And so, while I will be a lecturer at the Speed and Pace Symposium in Las Vegas on October 18 through October 20, I will also be a student, seeking out new methodologies and angles so that I can keep pace with the latest innovations in an attempt to stay ahead of the curve in today’s highly competitive handicapping environment.

The organizers at the Speed and Pace Symposium seem to have thought of everything in the way of illuminating handicapping methodology, data-mining techniques, and an intelligent approach to wagering with speakers prepared to provide their insights-- whatever an attendee’s level of expertise.

Speakers include Ed Bain, whose extensive research has made him the preeminent authority on trainer patterns; Ted Craven, professional handicapper and expert practitioner of the Sartin Methodology; Frank DiTondo, professional handicapper and best-selling author; Jeff Dunn, professional handicapper and developer of handicapping software for Smart phones and iPads; Cary Fotias, professional gambler and acclaimed author who’s taken sheet-style figures to the next level with innovative energy distribution concepts and patterns; successful professional handicappers George Kaywood and Craig Peterson, program director at Hollywood Park; Bob Pitlak, author and handicapping software developer; Dave Schwartz, successful handicapping software developer and David Siegel, CEO and President of Trackmaster.

There is much I can learn from these gentlemen and am looking forward to the experience.

This three-day handicapping convention begins with a four-hour meet-n-greet cocktail hour beginning at 5pm Thursday on Oct., 18. The Friday and Saturday sessions will be jammed with activities.

Beginning at 8 a.m. on both days, one of the professional handicappers will analyze the card from Belmont Park and Santa Anita, each presentation lasting one hour until 10 a.m.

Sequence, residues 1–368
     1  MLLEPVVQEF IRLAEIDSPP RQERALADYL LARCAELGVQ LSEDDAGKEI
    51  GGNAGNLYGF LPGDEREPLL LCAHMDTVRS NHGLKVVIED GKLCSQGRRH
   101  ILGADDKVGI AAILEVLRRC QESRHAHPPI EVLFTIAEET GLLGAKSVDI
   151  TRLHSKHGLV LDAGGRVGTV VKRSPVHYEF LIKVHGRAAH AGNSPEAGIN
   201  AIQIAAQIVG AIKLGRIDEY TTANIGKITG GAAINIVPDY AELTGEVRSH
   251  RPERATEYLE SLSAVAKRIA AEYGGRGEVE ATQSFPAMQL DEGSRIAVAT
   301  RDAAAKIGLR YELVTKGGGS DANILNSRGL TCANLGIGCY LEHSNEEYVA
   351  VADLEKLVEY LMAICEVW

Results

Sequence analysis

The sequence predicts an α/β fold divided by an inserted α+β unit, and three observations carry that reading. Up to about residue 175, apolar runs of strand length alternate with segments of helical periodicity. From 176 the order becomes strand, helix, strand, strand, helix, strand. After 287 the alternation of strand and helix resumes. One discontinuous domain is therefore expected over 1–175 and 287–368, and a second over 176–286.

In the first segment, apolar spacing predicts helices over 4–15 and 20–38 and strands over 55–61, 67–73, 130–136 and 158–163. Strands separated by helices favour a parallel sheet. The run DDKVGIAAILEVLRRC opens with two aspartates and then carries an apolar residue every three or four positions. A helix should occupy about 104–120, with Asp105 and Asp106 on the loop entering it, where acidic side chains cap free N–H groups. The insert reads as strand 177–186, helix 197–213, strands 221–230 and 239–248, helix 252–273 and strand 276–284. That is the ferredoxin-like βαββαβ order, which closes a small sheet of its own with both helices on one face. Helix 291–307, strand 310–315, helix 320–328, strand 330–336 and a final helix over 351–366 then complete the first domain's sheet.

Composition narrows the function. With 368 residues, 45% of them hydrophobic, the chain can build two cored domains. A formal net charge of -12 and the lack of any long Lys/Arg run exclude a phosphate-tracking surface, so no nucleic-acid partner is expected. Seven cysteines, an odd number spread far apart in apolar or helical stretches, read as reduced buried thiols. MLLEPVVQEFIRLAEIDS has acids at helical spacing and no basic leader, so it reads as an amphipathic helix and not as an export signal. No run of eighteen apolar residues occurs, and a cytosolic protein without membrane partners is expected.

Interactive Informational Presentations will then begin at 10:00am and continue through 6:30pm. Each presenter will speak for approximately 45 minutes followed by a 15-minute Q & A. At 1 pm, a break for lunch.

There will be three more presentations in which speakers lecture for a one-hour duration in the afternoon, with the same 45 minute talk--15 minute Q & A format. That day’s session ends and attendees are free to do whatever they wish until the program renews the next morning.

Arrangements have been made for Fotias to give away several copies of “Blinkers Off” and DiTondo will give every attendee a copy of his “One Minute Handicapper” workbook.

I am working with Brisnet.com to distribute free copies of the Friday Pick 4 from Keeneland and the Late Pick 4 on Saturday at Belmont Park. Further, I have agreed to explain and demonstrate what variables I use to make selections and the best wagering strategies for playing the races that day or any future wagering session.

Many of us have spent the past two weeks watching two national political conventions in advance of what is surely the most important election of our lifetime to determine what kind of country we want our children to live in.

For the horseplayer, whether he/she is a weekend warrior or wants to immerse themselves at some deeper level, the Speed and Pace Symposium is a convention where players can decide what kind of handicapping and wagering future they want for themselves.

On the weekend of Oct. 18-20, what happens in Vegas doesn’t have to stay there. That’s for you to decide. For more information, as they say, click on http://www.speedandpacesymposium.com.

Written by John Pricci